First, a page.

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Blow-Up (1966) - Michelangelo Antonioni

Related: Swinging London - British cinema - 1966 - Michelangelo Antonioni -

Michelangelo Antonioni's film Blow-Up is loosely based on a short story by Cortázar called Las Babas del Diablo in the original and Blow-Up in English; this story can be found in Blow-Up and Other Stories. --http://en.wikipedia.org/wiki/Julio_Cort%C3%A1zar [Jul 2006]

Vanessa Redgrave and David Hemmings in
Blow-Up (1966) - Michelangelo Antonioni [Amazon.com]


  • Blow-Up (1966) - Michelangelo Antonioni [Amazon.com]
    This 1966 masterpiece by Michelangelo Antonioni (The Passenger) is set in the heady atmosphere of Swinging London, and stars David Hemmings as an unsmiling fashion photographer hooked on ephemeral meaning attached to anything: art, sex, work, relationships, drugs, events. When a real mystery falls into his lap, he probes the evidence for some reliable truth, but finds it hard to reckon with. Vanessa Redgrave plays an enigmatic woman whose desperation to cover something up only seems like one more phenomenon in Hemmings's disinterested purview. This is one of the key films of the decade, and still an unsettling and lasting experience. --Tom Keogh, amazon.com

    Blowup is a 1966 art film directed by Michelangelo Antonioni, his first to feature an English language screenplay and also the first British film to feature full frontal female nudity. David Hemmings stars. Vanessa Redgrave is also featured. The Yardbirds perform in one scene near the film's end. --http://en.wikipedia.org/wiki/Blow-Up [Dec 2004]

    End of the production code, start of MPAA film rating system

    The film Blow-Up presented a different problem. After the film was denied Production Code approval, MGM released it anyway, the first instance of an MPAA member company distributing a film that didn't have an approval certificate. There was little the MPAA could do about it. --http://en.wikipedia.org/wiki/Production_Code#The_end_of_the_Code [Dec 2004]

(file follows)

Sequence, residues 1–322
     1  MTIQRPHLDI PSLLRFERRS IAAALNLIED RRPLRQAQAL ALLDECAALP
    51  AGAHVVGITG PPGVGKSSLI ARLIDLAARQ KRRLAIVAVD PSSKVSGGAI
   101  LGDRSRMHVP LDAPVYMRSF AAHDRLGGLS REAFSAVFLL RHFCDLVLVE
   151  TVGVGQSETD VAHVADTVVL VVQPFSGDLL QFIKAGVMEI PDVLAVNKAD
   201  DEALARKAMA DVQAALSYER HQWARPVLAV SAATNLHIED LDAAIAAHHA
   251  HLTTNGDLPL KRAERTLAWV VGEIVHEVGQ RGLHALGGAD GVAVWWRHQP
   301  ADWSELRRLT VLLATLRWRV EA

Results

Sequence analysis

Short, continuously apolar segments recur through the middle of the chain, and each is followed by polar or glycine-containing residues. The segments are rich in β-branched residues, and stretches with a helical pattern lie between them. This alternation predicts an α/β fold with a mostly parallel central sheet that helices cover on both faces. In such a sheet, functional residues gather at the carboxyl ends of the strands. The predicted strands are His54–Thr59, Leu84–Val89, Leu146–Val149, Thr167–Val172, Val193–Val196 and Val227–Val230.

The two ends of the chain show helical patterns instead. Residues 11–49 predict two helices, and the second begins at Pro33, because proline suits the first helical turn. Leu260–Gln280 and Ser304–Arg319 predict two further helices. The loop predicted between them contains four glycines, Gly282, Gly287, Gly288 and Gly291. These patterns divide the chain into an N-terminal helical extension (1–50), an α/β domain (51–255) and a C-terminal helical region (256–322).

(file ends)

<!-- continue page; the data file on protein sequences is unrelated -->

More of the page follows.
It was this film and another groundbreaking film, Blow-Up, that lead Jack Valenti to begin work on the MPAA film rating system that went into effect in 1968. --http://en.wikipedia.org/wiki/Who%27s_Afraid_of_Virginia_Woolf%3F [Dec 2004]

    Pubic Hair [...]

    (Michelangelo Antonioni, Great Britain, 1966)

    The famous scene in Blow-Up -- carefully excised in many countries -- in which two stray London "birds" finally involve the photographer in casual sex on the floor. The glimpse of pubic hair was unprecedented. SC --Film As a Subversive Art (1974) - Amos Vogel

    When Michelangelo Antonioni's movie Blow-Up had a couple of naked teen-agers romping through a scene, the Catholic Office of Movie Ratings, which is where and why the U.S. has it's Motion Picture Association Ratings System, gave it a "Condemned" rating... meaning you would suffer the fires of Hell if you did not repent after seeing this film. --via http://feastofhateandfear.com/articles/hair_of.html [Oct 2004]

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